The television series Mars, produced by National Geographic and originally aired on their cable channel in 2016, is a curious mix of present-day documentary and fictional story of the human settlement of Mars, with the first crewed landing mission launching in 2033. The first season is set in the years 2033–2037 and chronicles the establishment of the first settlement and its growth into a fledgling base, similar to scientific research stations in Antarctica. The series cuts back and forth between the present and the fictional future, with the present-day segments interviewing figures such as Stephen Petranek, author of How We’ll Live on Mars, upon which the story is based, Robert Zubrin, creator of the Mars Direct mission plan, Elon Musk of SpaceX, Andy Weir, author of The Martian, and Neil deGrasse Tyson. The mission is mounted by a fictional international consortium called the “International Mars Science Foundation” (IMSF), which has all of the squabbling and politics you’d expect for something with such a name. The fictional part of the first season is pretty good, and in line with capabilities expected to exist in the time in which it is set.
The second season is something else entirely. Set in 2042, it chronicles the arrival of the first private venture on Mars, “Lukrum Industries”, aimed at resource exploration and development. Lukrum has negotiated a deal with IMSF in which it will produce solar mirrors from in-situ resources which will be employed in IMSF’s terraforming project, which hopes to warm the planet to release water trapped as ice below the surface. This veers immediately into the “corporations bad, government agencies (especially multinational ones where all of the minions speak perfect English with suitably exotic accents) good” trope. The present-day segments are almost entirely about human despoliation of the Earth, with a concentration on “climate change”. This feeds into the fictional future story, where the evil corporation (eventually in cahoots with the Russians, who were too tempting to leave out as villains), is simultaneously thwarting the noble goals of the taxpayer-funded scientists, while using its lucre to manipulate IMSF back on Earth to acquiesce in its evil schemes.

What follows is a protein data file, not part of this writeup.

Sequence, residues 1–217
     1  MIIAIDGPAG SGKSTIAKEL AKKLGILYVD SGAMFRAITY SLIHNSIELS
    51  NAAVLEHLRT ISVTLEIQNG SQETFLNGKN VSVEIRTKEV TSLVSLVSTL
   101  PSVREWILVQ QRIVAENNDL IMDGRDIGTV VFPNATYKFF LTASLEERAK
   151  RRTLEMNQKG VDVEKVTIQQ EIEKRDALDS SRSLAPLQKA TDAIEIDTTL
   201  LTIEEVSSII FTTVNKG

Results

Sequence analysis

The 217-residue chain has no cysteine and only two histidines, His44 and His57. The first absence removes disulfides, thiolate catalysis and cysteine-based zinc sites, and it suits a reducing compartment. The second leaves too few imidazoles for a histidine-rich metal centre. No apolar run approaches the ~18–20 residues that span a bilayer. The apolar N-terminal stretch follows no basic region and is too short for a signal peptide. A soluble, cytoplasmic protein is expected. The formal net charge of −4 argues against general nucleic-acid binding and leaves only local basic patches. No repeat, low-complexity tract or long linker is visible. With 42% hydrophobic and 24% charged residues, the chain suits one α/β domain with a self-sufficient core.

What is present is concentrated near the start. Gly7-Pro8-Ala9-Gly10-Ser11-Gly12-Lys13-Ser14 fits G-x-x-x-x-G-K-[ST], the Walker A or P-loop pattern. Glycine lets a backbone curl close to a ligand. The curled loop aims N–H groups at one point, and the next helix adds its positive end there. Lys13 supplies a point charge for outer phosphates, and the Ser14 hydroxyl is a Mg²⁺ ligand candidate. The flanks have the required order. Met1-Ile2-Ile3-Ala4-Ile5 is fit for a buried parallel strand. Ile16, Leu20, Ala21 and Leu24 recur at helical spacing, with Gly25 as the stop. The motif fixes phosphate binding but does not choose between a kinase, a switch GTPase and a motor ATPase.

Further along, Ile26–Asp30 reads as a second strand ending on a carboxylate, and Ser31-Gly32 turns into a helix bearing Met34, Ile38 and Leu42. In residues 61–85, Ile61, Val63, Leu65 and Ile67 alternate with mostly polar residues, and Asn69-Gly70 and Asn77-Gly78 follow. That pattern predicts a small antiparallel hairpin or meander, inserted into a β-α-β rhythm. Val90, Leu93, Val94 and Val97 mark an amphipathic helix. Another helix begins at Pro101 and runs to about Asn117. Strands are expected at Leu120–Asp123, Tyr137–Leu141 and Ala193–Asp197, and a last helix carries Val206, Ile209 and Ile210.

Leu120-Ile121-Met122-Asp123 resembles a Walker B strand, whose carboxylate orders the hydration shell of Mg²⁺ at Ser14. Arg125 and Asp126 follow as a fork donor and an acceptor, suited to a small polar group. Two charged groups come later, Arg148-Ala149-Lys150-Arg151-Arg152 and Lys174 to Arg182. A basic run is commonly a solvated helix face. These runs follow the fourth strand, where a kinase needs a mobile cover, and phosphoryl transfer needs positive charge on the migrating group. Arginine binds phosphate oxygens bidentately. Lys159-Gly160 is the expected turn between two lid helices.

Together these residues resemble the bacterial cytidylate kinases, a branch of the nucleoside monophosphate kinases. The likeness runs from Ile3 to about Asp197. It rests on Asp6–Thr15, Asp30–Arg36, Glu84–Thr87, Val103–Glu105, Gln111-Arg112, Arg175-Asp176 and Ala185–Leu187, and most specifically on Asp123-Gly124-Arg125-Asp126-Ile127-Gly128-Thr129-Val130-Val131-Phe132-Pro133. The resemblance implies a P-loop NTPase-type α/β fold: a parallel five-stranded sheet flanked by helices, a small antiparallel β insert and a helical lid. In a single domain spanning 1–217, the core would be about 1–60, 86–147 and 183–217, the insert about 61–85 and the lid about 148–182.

Present-day segments are all about Greenpeace “activists” in kayaks disrupting operation of Arctic oil rigs, oil companies scheming to deny climate change, and deep thinkers fretting about the prospect of dirty humans being unleashed to wreck a second planet. Robert Zubrin, who in addition to his advocacy of Mars settlement, has been an eloquent voice in opposing the anti-human agenda of the Malthusian mafia, for example in his 2012 book Merchants of Despair, a regular on the first season, disappears after a brief appearance in the first episode of the second—perhaps he got wind of where it was going—and is replaced by a conga line of doomsayers, hand-wringers, and inveighers who appear to have “big corporations” wired into their speech centres as a verbal macro. Newt Gingrich appears to “provide balance” in a few brief clips which appear selectively edited to make him appear something between a villain and a clown.
It is deliciously ironic that in this dog’s breakfast of propaganda, the main goal of the noble IMSF Mars project is to unleash irreversible climate change on Mars by means of anthropogenic global warming.
I remember National Geographic while growing up as a treasure trove celebrating human adventure and achievement, from the stratosphere balloonists of the 1930s, to the explorers of the ocean depths, to the summit of Everest, and the void of space. This is a shameful betrayal of that heritage and legacy.
Both seasons of Mars are now available on Netflix, at least in Switzerland and the United Kingdom.